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Student loan refinancing isn't for everyone—here's how to decide if it's right for you

Refinancing student loans can score you a lower interest rate, but you lose federal loan benefits.

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Refinancing your student loans might sound like a no-brainer. In essence, it means swapping existing loans (either federal or private) for a new consolidated personal loan, ideally with a lower interest rate. But the reality's a little more complex.

To begin, you (or a co-signer) must have good credit, a reliable income and a low debt-to-income (DTI) ratio in order to be approved for a refinancing, or "refi," loan.

And just because you qualify doesn't necessarily mean you should always refinance. Borrowers refinance their student loans mostly when they can get substantially lower interest rates, allowing them to pay off their debt faster, or get a smaller monthly payment that's easier on the budget.

Refinancing can make sense in some situations, such as if you've landed a stable job with higher income, and/or improved your credit score enough to snag interest rates you just can't pass up.

Yet, refinancing federal student loans to a private lender is irreversible. You sacrifice important federal loan protections such as income-driven repayment and public service loan forgiveness by agreeing to refinance privately.

We therefore don't currently recommend refinancing your federal student loans given the payment and interest freeze that is in effect through September 2021 and with potential student loan forgiveness still on the table.

Below, CNBC Select outlines four questions to ask yourself when shopping around for a refi loan. These should help guide you to know when student loan refinancing is a good idea and when you should reconsider.

Will I actually get a much lower interest rate?

A lower interest rate is not guaranteed, so it's important that you shop around and prequalify first.

Submitting your preliminary information, either to a peer-to-peer platform like SoFi or a private lender, gives you a chance to view personalized rates before choosing the best loan option.

Generally, the better your credit score and overall finances, the lower rate you'll likely qualify for.

Will refinancing save me enough money?

To see what you could be saving through student loan refinancing, there's an easy mathematical experiment: Plug your current balance into a student loan refinancing calculator like this one from Student Loan Hero or this one from SoFi. Then adjust the interest rates to compare your current APR and the one you qualified for.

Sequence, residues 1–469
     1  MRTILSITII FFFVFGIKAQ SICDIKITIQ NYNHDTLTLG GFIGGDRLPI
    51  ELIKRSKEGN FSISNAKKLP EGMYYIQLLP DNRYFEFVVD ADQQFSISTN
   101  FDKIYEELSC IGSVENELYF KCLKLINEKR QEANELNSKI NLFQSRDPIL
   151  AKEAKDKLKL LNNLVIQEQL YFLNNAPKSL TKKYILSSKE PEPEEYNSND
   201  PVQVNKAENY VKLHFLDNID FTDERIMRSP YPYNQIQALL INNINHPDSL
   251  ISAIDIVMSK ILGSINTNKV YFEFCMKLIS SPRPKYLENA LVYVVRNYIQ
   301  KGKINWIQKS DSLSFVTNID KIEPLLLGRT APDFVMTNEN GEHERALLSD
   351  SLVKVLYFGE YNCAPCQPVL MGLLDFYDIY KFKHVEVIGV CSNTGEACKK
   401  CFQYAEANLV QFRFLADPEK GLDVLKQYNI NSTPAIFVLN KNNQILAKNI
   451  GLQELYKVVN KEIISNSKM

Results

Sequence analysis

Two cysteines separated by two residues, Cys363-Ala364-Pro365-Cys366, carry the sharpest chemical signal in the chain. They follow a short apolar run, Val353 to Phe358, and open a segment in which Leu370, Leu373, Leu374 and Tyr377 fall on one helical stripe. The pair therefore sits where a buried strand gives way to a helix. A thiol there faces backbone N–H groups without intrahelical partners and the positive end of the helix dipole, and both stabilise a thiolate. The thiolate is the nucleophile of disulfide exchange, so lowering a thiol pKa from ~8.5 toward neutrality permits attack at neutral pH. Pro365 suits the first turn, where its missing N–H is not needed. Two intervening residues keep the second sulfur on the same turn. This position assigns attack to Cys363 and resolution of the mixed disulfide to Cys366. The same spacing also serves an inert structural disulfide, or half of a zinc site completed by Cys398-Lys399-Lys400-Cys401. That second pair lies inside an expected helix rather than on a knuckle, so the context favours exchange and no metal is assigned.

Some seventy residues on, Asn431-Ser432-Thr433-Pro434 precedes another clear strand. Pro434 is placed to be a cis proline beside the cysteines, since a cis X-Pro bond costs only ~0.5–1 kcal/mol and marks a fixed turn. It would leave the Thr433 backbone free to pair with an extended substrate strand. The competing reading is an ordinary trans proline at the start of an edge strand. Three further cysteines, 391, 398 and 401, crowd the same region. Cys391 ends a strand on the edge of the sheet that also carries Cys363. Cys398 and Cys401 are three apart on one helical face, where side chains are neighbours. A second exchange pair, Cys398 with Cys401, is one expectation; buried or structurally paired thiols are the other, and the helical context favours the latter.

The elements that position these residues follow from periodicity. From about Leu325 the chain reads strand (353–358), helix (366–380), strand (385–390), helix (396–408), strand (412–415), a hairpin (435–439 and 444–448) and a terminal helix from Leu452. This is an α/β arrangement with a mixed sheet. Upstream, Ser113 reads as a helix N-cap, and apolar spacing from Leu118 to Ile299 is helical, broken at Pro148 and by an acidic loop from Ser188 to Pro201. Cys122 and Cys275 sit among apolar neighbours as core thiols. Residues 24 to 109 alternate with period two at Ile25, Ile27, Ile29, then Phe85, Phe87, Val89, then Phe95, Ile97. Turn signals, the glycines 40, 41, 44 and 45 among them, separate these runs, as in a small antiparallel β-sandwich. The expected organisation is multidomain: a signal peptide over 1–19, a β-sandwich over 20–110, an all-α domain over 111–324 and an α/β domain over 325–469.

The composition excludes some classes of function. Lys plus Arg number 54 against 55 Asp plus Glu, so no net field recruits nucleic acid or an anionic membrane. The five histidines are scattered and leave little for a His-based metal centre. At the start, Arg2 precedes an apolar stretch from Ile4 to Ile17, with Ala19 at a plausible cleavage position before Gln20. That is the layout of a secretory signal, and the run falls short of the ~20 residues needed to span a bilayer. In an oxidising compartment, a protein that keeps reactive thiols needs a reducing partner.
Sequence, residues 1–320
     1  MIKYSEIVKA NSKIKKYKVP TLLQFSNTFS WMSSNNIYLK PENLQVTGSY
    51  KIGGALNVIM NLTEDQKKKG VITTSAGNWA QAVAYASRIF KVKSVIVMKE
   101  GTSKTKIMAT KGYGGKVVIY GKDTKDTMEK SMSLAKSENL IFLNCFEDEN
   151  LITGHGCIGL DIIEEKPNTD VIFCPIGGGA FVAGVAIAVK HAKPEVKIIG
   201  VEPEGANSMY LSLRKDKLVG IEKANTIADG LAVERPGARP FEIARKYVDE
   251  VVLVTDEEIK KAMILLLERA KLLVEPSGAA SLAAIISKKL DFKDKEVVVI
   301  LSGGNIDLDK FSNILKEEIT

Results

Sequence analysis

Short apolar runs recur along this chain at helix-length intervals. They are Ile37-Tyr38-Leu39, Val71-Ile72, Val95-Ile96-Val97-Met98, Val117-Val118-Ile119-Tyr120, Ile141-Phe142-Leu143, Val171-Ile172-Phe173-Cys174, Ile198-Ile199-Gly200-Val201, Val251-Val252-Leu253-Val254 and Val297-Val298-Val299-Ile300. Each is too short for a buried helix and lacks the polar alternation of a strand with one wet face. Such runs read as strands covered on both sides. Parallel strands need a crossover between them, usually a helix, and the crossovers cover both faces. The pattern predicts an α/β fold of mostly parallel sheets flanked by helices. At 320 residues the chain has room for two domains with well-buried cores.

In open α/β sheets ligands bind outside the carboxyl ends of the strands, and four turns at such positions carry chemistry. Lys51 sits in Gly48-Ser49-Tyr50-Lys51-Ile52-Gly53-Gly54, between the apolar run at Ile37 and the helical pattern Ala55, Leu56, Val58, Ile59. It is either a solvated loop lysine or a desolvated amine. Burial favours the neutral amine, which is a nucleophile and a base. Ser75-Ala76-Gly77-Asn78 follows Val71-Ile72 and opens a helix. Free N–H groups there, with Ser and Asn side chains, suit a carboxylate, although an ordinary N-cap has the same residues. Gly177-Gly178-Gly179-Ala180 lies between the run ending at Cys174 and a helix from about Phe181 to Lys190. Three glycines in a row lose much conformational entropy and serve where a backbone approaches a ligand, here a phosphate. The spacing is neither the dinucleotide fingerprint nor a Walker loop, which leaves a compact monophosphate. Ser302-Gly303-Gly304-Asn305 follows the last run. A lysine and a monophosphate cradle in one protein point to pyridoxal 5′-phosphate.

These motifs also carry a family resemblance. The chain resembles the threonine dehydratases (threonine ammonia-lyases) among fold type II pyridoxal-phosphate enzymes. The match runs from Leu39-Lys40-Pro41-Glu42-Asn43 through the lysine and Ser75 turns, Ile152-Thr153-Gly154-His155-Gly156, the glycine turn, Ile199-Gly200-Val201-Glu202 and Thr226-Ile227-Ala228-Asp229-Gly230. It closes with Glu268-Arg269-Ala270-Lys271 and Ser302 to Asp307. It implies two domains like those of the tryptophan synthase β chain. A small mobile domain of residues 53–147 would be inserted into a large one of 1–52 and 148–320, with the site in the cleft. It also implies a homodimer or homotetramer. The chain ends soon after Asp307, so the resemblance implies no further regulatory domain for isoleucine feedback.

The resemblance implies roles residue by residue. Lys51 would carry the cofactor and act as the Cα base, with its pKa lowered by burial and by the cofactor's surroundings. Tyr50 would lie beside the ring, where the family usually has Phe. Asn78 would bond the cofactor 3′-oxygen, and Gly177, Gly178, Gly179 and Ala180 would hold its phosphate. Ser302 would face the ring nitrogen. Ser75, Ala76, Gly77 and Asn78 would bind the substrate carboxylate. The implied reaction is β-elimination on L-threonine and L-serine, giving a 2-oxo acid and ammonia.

This should help you see how much you would actually save in interest compared to what you pay now.

How much of my student loans do I have left to pay?

Refinancing may stretch out the amount of time it takes to pay off your loans, depending on what kind of term you qualify for.

With a shorter term, you could make more aggressive monthly payments but save in interest over time. A longer repayment term would lower your monthly payment, but overall save you less since you're incurring interest for longer.

If you are already halfway through paying your student loans off and you have the means to pay the remaining portion quicker, choose a short repayment term to get the most out of refinancing.

Will I need federal loan protections in the future?

This is the most important question for federal student loan borrowers to ask themselves.

Federal student loan borrowers who don't need the governmental protections might benefit from refinancing when the Covid forbearance period on their loans is over. Know the protections before making this decision.

Through the government, federal student loan borrowers have unique protections that are a good form of security should anything go wrong down the line. Such protections include:

  1. Deferment and forbearance for up to three years (and with subsidized federal loans, you aren't charged interest during deferment)
  2. Access to income-driven repayment plans that recalculate your monthly bill based on any changes in income
  3. Forgiveness programs for certain jobs through Public Service Loan Forgiveness (PSLF) and Teacher Loan Forgiveness

Many private lenders also have their own protections, though they aren't as extensive as you would receive with federal loans. Some private lenders offer deferment in the case of unemployment or economic hardship, as well as the option to make interest-only payments before your repayment term begins. Be sure to inquire about these protections before you refinance with a private lender.

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Editorial Note: Opinions, analyses, reviews or recommendations expressed in this article are those of the Select editorial staff’s alone, and have not been reviewed, approved or otherwise endorsed by any third party.